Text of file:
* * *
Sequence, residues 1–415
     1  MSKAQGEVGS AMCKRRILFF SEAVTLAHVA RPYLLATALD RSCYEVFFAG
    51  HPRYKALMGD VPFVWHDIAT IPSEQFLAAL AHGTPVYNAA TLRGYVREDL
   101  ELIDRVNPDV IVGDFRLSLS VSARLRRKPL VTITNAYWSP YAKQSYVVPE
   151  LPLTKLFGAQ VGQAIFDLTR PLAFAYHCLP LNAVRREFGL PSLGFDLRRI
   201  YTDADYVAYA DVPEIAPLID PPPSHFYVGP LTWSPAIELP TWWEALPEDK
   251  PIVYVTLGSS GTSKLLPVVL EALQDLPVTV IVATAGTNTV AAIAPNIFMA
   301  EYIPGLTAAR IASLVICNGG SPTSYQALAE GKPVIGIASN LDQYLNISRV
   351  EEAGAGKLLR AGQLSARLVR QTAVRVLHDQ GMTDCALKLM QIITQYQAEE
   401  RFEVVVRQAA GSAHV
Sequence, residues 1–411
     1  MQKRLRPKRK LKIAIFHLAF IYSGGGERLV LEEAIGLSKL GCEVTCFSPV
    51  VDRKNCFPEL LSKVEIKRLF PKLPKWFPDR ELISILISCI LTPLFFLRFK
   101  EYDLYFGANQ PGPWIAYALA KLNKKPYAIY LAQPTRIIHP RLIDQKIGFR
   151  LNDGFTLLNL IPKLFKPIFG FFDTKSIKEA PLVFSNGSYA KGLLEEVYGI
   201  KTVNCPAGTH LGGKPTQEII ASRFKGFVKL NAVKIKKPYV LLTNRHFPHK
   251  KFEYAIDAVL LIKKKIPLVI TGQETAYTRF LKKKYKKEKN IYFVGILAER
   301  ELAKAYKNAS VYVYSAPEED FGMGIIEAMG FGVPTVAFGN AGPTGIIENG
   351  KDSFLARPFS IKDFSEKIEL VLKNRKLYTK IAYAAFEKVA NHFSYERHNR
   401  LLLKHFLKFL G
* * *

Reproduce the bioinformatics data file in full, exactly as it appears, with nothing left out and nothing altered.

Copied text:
Sequence, residues 1–415
     1  MSKAQGEVGS AMCKRRILFF SEAVTLAHVA RPYLLATALD RSCYEVFFAG
    51  HPRYKALMGD VPFVWHDIAT IPSEQFLAAL AHGTPVYNAA TLRGYVREDL
   101  ELIDRVNPDV IVGDFRLSLS VSARLRRKPL VTITNAYWSP YAKQSYVVPE
   151  LPLTKLFGAQ VGQAIFDLTR PLAFAYHCLP LNAVRREFGL PSLGFDLRRI
   201  YTDADYVAYA DVPEIAPLID PPPSHFYVGP LTWSPAIELP TWWEALPEDK
   251  PIVYVTLGSS GTSKLLPVVL EALQDLPVTV IVATAGTNTV AAIAPNIFMA
   301  EYIPGLTAAR IASLVICNGG SPTSYQALAE GKPVIGIASN LDQYLNISRV
   351  EEAGAGKLLR AGQLSARLVR QTAVRVLHDQ GMTDCALKLM QIITQYQAEE
   401  RFEVVVRQAA GSAHV
Sequence, residues 1–411
     1  MQKRLRPKRK LKIAIFHLAF IYSGGGERLV LEEAIGLSKL GCEVTCFSPV
    51  VDRKNCFPEL LSKVEIKRLF PKLPKWFPDR ELISILISCI LTPLFFLRFK
   101  EYDLYFGANQ PGPWIAYALA KLNKKPYAIY LAQPTRIIHP RLIDQKIGFR
   151  LNDGFTLLNL IPKLFKPIFG FFDTKSIKEA PLVFSNGSYA KGLLEEVYGI
   201  KTVNCPAGTH LGGKPTQEII ASRFKGFVKL NAVKIKKPYV LLTNRHFPHK
   251  KFEYAIDAVL LIKKKIPLVI TGQETAYTRF LKKKYKKEKN IYFVGILAER
   301  ELAKAYKNAS VYVYSAPEED FGMGIIEAMG FGVPTVAFGN AGPTGIIENG
   351  KDSFLARPFS IKDFSEKIEL VLKNRKLYTK IAYAAFEKVA NHFSYERHNR
   401  LLLKHFLKFL G